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Pittsburgh by Ann Miner


American Idiot
National Tour

American Idiot
Alex Nee and Trent Saunders
In 2004, pop punk band Green Day released their "American Idiot" album. Described as a "rock opera" and incredibly popular, it was destined to be adapted for the stage. The score (music by Green Day, lyrics by band frontman Bille Joe Armstrong) is exciting, infectious and varied. We follow three young characters who set out to find some "meaning" in their lives, mostly because, it seems, they don't want to grow up. There's little resolution, and along the way, they do all the things parents hope their kids don't do. This makes for a frustrating story to watch, and it's difficult to feel a lot of compassion for the characters (that, however, may vary according to the age of the viewer). Details may expose more depth to the story, but the songs are played rock-loud and are frequently scream-sung, which prevents the lyrics from helping us discover any nuance.

The score, the performance and the staging are frenetic and passionate and ultimately provide an invigorating and enjoyable, if not illuminating, evening. The three young men are Johnny (Alex Nee), who leaves home (with mom's money) to find love (with "Whatsername," Alyssa DiPalma) and drugs; Will (Casey O'Farrell), who had hoped to escape the rut of of his life, but his girlfriend Heather (Kennedy Caughell) gets pregnant and Will finds himself in a new rut; and Tunny (Thomas Hettrick), who falls for the glamour of an Army television ad and goes off to war. All three actors are excellent. Trent Saunders is explosive as St. Jimmy, who represents Johnny's heroin habit.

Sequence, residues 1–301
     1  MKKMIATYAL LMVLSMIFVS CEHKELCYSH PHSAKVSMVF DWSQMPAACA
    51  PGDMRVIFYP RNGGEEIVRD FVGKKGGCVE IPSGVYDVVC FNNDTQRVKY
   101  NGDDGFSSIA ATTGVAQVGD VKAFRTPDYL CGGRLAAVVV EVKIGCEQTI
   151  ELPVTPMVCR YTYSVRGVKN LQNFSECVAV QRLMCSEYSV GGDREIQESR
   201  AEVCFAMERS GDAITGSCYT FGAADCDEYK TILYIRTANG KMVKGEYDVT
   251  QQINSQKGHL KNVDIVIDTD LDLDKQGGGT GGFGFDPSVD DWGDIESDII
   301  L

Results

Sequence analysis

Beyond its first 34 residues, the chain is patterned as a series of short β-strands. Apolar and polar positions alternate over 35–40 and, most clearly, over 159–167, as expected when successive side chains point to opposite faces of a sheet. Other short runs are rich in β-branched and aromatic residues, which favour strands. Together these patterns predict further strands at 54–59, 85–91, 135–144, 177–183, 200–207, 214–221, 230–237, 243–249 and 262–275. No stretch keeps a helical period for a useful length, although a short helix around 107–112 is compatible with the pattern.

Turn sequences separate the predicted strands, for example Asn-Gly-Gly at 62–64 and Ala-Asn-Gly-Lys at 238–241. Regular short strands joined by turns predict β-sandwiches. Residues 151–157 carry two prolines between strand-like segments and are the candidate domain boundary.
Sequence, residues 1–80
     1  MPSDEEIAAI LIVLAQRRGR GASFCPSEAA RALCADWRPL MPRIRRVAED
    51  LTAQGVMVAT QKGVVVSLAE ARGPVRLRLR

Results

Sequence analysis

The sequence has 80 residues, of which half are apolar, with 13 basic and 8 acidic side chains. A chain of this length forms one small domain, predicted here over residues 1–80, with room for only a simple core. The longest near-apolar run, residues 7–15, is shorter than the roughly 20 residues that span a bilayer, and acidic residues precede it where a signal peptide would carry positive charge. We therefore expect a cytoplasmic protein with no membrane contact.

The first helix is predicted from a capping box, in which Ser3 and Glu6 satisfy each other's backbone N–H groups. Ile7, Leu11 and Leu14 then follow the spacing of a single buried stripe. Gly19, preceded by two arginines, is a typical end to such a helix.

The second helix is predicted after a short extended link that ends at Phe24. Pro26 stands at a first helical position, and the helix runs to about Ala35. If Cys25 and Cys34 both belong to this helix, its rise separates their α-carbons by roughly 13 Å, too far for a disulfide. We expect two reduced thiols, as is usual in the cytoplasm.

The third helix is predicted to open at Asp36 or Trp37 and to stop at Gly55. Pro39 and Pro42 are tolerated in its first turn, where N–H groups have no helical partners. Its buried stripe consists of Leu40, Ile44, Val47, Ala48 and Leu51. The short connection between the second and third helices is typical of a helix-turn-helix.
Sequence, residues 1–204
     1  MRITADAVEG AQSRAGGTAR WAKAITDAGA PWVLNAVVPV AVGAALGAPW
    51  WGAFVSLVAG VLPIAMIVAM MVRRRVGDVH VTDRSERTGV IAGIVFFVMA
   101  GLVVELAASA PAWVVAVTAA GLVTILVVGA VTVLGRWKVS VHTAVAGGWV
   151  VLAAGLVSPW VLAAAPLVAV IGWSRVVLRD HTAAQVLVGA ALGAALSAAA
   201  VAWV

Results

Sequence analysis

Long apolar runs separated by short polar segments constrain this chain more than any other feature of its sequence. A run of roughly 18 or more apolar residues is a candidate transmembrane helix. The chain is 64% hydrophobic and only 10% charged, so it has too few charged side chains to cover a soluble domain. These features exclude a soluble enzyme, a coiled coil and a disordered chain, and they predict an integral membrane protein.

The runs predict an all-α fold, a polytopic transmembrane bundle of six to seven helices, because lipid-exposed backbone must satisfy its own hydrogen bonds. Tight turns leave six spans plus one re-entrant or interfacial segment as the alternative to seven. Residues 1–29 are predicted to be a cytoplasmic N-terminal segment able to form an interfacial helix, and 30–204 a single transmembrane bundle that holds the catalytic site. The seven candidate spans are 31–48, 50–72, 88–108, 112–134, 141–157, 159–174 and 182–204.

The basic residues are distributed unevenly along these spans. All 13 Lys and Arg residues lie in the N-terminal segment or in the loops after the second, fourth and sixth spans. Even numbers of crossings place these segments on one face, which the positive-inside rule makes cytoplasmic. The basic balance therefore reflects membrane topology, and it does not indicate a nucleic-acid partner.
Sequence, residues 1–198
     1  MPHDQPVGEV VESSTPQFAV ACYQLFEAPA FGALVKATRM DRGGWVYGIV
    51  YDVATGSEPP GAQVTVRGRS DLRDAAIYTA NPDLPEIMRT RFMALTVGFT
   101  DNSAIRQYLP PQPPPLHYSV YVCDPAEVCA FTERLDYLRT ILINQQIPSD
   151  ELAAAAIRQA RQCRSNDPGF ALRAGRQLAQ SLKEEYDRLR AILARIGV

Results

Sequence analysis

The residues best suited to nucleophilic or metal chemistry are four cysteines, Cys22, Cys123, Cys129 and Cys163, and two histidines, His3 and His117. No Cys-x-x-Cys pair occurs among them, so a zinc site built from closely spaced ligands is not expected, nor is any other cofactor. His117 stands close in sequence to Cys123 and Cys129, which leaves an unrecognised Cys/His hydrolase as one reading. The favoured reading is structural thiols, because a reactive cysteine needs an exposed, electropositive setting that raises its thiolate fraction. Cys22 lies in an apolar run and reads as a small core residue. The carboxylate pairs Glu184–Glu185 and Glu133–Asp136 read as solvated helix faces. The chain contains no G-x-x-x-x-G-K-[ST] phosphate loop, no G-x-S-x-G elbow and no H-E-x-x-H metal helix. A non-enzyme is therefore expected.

The set by Christine Jones is a masterpiece of industrial/media musical sets, working at a level of near sensory overload with Darrel Maloney's Video & Production Design. Choreographer Steven Hoggett provides movement and real dance, much of which is harmonious or mechanical, and a good amount of which is like moshing (in an old fogey moment, I feared brain bruising as the dancers violently shook their heads up and down).

If the "American Idiot" album is a favorite of yours, this is a great opportunity to see and hear it performed with amazing high energy and conviction.

The American Idiot tour at Heinz Hall through February 24. For tickets and performance information, visit Pittsburgh Cultural Trust. For more information on the tour visit www.americanidiotthemusical.com/.


Photo: John Daughtry


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-- Ann Miner



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